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Slater & Gordon loss nears $1b, no dividend


UPDATED: Slater and Gordon has turned down managing director Andrew Grech’s offer to resign after it reported a first-half loss of almost $1 billion due to a huge writedown linked to its business in Britain.

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Slater and Gordon has slumped to a first-half loss of almost $1 billion after taking a huge hit on the value of its troubled UK business.

The board turned down managing director Andrew Grech’s offer to resign in the wake of the law firm’s near $1 billion first half loss.

Chairman John Skippen said the company should apologise to shareholders for the steep dive in the value of their holdings, but that Grech remained the right person for the job despite presiding over a $958.3 million first half net loss.

“The board does not believe it is appropriate to change leadership and therefore we have unanimously rejected his resignation,” said Mr Skippen, who added he would not consider his own position while the company was negotiating with its creditor banks.

The loss was due to a one-off goodwill impairment of $876.4 million, most of which related to the UK business it acquired for about $1.3 billion in 2015.

The law firm’s shares hit a new all-time low when they resumed trade on Monday after it unveiled a net loss for the six months to December 31 of $958.3 million.

That was due to a one-off goodwill impairment of $876.4 million, most of which related to the UK business it acquired for about $1.3 billion in 2015.

The total impairment is three times larger than Slater and Gordon’s market capitalisation of $292.5 million.

“Clearly today’s results are very disappointing. In particular the decline in business performance in the UK is of serious concern to all at Slater and Gordon and equally will be of concern to our investors,” said managing director Andrew Grech, who helped oversee the UK expansion.

“We will therefore be taking a number of necessary and significant steps to improve the operational performance of both the UK business and the broader Slater and Gordon Group.”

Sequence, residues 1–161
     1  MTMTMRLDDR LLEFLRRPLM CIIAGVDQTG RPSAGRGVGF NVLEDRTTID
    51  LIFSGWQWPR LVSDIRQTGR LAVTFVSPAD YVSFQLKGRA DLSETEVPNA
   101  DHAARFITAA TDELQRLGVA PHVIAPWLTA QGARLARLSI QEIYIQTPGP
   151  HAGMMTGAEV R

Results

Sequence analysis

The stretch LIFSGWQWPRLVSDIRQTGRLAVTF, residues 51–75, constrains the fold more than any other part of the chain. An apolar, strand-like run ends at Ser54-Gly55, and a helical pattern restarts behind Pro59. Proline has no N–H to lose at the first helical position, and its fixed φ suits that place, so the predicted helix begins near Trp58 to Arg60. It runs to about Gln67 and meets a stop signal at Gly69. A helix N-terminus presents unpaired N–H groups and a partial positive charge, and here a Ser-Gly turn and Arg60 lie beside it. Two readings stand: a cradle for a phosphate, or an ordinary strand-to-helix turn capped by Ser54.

The UK business, which includes what until last year was the Professional Services Division of UK law firm Quindell, will be subject to a reorganisation that will include redundancies.

The costs of that restructuring will be shown in the group’s full year results due in August.

Slater and Gordon said its priority is to cut debt that has swelled to $741.4 million.

There was no interim dividend and the law firm said it is unlikely to pay a full year dividend.

The company’s shares were valued at 83 cents when they were suspended from trade last week to allow the firm to finalise its six-month results.

They slumped as low as 47 cents when they resumed trading on Monday, 94.2 per cent down on April’ all-time high of $8.07 before concerns over the company’s accounts and UK proposals to clamp down on personal injury claims.

The stock was 19 cents, or 22.9 per cent, lower at 63 cents at 10.31am (AEDT).

In November, Slater and Gordon told investors spooked by the need for adjustments and corrections to its financial results that it was on track to meet its full year guidance.

It abandoned the guidance a month later, launched a review into how it forecasts its figures and promised to update investors in January, before scrapping that plan.

The Australian Securities and Investment Commission said on Monday its investigation into Slater and Gordon’s financial reports for the 2014 and 2015 financial years was complete following the writedown and its reduction in the value of its work in progress.


* Revenue up 82.1pct to $487.5m

* Goodwill impairment of $876.4m

* Net loss of $958.3m vs net profit of $49.3m

* No interim dividend


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